Earth Day is coming up on April 22, and what better way to observe the day than participate in Podley’s Shredding Event. Shredding is good for the environment, and helps guard your identity, too!
Elias J. “Lucky” Baldwin was one of the greatest and most colorful pioneers of California business in the second half of the nineteenth century. He made his mark on the development of Southern California, starting with the Santa Anita Rancho.
Passing through the San Gabriel Valley on a business trip in the 1870s, Elias J. “Lucky” Baldwin was amazed by Santa Anita Rancho’s rich land, rolling contours, and great oaks. He gasped, “By Gad, this is paradise!” and he simply had to have it, even though its price was high and only increased every time he spoke to its owner. Once he purchased the Santa Anita, he planted orchards and vineyards in the lowlands and grazed livestock on the oak-dotted hillsides. On the western edge of his land were the Baldwin Stables with Lucky’s championship racehorses.
During the land boom of the 1880s, Baldwin sold 845 acres of the Santa Anita Rancho to Nathaniel Carter who formed the town of Sierra Madre, and 240 acres to William Monroe who created the town of Monrovia. When Baldwin saw how Carter and Monroe profited by selling plots to easterners arriving on the newly completed railroad, Baldwin decided he would not be left out.
Baldwin set up his own town site with beautiful tree-lined streets, including a double-drive he called Santa Anita Avenue. Lucky named his town Arcadia, or “serene countryside”. When told the prices he was charging for homesites were too high, he argued, “We’re giving the land away. We’re only selling the climate!” Baldwin put his profits into improving his home ranch with driveways, lawns and shade trees. He built a Queen Anne Style cottage by his lake for entertaining.
When he passed away in 1909, Arcadia mourned the death of its founder. The city praised his “great charity for the deserving and helpless, his great eye for the beautiful in nature, his great love for the things that grow, his adoration for our native trees, and his faculty for beautifying the land, all of which during his life, tended to the upbuilding and planting of this little city, in the midst of the most beautiful valley of the State.”
Santa Anita Derby April 7, Stepping Stone to the Kentucky Derby
If you’re excited about watching the Kentucky Derby on May 5, you wouldn’t want to miss your chance to see two of its top contenders slug it out right in our own backyard. Kentucky Derby favorites Justify and Bolt d’Oro will run in the $1 million Santa Anita Derby this Saturday. It’s a race contested by 3-year-olds at a distance of 1/18 miles or 9 furlongs.
Justify is a relatively inexperienced colt. He would need to win first or second on Saturday to become eligible to run in the Kentucky Derby. If he wins the Kentucky Derby, he would make history as the first horse since 1882 to win after not racing as a 2-year-old! “This horse is just imposing. He is big and bad and his stride is fluent. If you’re looking for a horse that is progressing perfectly at the right time to win the Derby, then this is your boy.”- Pete Monaco, The Eighth Pole.
Bolt d’Oro’s name is a tribute to sprinter Usain Bolt. He’s already qualified for the Kentucky Derby and is a favorite to win it. “Justify? I say bring him on.” says Bolt d’Oro’s trainer Mick Ruiz. “Bolt d’Oro…hasn’t had a bad race. He’s all class, shown he’s got the heart and fits well with the top contenders. He will be one of the deserving top choices come Derby day.” – Pete Monaco, The Eighth Pole.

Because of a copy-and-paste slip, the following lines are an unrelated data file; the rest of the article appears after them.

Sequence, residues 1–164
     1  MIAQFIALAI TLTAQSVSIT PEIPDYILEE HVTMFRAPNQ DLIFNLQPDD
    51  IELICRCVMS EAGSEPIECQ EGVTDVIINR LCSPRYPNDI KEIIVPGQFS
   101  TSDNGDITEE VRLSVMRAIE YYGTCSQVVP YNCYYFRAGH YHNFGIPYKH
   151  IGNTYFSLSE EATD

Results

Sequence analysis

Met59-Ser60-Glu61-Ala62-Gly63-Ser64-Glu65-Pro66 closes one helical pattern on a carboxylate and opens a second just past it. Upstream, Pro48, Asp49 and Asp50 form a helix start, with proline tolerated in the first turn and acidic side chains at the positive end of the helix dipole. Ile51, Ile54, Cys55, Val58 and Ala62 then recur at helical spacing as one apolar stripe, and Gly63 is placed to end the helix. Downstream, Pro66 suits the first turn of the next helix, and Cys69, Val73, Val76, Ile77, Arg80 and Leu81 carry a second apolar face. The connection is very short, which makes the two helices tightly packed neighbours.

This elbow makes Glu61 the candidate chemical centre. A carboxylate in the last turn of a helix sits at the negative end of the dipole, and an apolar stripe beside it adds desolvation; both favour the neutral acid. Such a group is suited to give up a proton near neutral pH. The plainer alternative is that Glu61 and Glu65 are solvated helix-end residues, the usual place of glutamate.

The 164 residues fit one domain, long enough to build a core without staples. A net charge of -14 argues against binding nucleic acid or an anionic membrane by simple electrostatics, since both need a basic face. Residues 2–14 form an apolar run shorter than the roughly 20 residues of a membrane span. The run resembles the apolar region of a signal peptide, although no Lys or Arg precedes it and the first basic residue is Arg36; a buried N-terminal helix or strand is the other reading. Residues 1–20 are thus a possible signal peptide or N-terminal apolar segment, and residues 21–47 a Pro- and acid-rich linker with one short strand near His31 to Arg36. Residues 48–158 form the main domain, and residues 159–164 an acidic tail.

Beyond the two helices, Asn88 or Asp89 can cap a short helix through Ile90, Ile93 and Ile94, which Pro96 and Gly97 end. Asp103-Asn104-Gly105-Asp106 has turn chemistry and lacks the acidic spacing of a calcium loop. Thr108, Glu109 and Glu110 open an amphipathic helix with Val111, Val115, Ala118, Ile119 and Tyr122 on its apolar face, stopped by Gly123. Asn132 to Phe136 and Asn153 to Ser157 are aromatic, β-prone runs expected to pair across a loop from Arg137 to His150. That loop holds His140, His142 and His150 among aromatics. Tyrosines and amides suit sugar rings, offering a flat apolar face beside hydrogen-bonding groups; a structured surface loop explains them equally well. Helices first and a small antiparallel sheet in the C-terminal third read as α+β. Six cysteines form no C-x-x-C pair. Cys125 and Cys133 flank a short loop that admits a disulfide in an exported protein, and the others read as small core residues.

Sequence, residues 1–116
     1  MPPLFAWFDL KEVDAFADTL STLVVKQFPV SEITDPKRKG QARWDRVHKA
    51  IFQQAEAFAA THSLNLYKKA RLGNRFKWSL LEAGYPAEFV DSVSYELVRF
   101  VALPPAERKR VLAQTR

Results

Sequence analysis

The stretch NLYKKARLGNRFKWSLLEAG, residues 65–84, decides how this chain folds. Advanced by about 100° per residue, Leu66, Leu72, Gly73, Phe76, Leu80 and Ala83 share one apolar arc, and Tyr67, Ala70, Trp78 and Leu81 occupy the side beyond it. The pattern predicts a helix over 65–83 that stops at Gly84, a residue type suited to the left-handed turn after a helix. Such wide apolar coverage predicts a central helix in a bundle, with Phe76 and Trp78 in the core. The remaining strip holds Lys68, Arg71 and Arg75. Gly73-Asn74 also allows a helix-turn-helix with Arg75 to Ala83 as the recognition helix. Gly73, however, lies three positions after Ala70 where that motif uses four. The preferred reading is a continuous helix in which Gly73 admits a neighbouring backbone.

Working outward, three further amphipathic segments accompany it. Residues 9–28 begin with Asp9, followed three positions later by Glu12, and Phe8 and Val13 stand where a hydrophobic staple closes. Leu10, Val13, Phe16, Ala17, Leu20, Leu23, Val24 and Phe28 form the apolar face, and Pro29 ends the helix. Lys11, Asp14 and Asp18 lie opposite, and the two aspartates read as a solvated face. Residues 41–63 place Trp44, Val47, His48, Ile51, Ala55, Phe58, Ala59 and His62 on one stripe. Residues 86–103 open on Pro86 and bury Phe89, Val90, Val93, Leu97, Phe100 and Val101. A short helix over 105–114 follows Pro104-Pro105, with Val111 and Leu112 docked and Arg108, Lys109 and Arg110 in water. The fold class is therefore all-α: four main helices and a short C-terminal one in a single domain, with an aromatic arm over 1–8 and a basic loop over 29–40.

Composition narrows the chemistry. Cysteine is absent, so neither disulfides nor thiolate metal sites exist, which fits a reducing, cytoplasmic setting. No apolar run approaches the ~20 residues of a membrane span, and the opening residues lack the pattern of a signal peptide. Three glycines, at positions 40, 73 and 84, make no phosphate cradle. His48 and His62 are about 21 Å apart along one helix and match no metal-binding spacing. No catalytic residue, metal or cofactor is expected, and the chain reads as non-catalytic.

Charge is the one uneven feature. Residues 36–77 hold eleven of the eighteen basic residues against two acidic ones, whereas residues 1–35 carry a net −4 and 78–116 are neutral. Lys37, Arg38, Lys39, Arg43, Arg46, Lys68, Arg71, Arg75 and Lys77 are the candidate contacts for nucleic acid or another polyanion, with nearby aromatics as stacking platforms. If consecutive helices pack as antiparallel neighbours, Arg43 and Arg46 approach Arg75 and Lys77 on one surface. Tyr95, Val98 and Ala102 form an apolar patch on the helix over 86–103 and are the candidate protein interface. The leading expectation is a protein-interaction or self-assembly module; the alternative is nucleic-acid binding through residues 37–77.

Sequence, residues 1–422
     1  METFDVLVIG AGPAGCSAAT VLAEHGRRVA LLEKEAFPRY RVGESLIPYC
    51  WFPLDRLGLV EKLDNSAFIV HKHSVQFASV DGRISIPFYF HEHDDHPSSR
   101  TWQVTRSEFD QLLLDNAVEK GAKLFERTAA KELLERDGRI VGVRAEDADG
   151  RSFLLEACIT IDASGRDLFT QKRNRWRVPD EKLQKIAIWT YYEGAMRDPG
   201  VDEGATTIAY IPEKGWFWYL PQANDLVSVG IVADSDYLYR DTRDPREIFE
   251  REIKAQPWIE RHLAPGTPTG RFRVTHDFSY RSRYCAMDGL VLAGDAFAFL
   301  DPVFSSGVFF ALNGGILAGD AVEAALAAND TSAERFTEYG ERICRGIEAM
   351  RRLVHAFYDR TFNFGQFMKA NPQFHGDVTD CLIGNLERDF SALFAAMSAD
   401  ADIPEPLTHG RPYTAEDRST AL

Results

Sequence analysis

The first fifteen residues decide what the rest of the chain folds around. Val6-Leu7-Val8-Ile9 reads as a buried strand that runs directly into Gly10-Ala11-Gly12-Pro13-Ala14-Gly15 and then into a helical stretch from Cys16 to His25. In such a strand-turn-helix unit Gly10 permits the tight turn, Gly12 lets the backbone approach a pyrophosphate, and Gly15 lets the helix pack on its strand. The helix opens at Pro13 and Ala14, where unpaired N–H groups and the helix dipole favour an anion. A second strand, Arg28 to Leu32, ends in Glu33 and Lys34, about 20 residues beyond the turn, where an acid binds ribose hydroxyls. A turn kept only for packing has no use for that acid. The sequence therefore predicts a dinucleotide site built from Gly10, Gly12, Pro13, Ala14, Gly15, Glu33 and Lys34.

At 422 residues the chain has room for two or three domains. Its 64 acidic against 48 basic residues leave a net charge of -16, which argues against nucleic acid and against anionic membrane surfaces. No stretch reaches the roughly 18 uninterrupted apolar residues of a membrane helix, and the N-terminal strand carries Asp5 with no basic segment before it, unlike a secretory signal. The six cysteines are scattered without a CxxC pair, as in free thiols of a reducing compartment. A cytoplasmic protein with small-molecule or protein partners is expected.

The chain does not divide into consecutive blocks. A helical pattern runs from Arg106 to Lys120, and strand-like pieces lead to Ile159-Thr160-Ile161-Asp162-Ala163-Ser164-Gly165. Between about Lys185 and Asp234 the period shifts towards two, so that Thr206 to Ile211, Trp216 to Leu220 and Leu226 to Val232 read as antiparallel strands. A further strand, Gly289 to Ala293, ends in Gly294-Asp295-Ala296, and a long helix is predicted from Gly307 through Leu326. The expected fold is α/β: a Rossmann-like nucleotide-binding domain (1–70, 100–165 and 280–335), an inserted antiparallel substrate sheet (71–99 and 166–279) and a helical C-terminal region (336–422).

Excitement is building in Arcadia for The Santa Anita Derby. The Derby has produced countless racing legends, and you may just get a chance to see legends in the making this Saturday! Visit santaanita.com for more details.
Whether it’s spelled Wistaria or Wisteria, Sierra Madre’s Wistaria vine will always smell just as sweet! Sierra Madreans are understandably proud of their vine and eager to share it . After all, it is one of the seven horticultural wonders of the world, along with the redwood forest in Sequoia National Park, Brazil’s tropical jungle in the Amazon Valley, and the gardens of Buckingham Palace.
This year’s Sierra Madre Wistaria Festival begins on Saturday, March 17, noon – 9pm with a green event and St. Patrick celebration – how appropriate! On Sunday, March 18, from 9am – 5pm, visitors can enjoy a craft fair, kids activities, an auto show and live music at Memorial Park. Most importantly, they can take a shuttle to view the vine.
Alice Brugman planted the one-gallon, 75-cent wistaria vine in her backyard in the 1890s. The vine grew to two acres at its peak in the 1920s and began taking over the house. A new house was built 200 feet away, and the original house was used as a support for the vine until it was crushed beneath the vine’s weight. Sierra Madre’s 250-ton wistaria vine now measures more than an acre and has over 1½ million lavender and purple blossoms. It holds the Guinness record for largest flowering plant.
Wistaria plants symbolize welcome, and Sierra Madre welcomes everyone to enjoy a wonderful weekend of celebration at their annual Wistaria Festival.
Shuttle tickets are available at the Bottle Shop, Savor the Flavor and Bean Town: $12 adults, $7seniors and children 6-16.
For more information go to: www.sierramadrechamber.com/events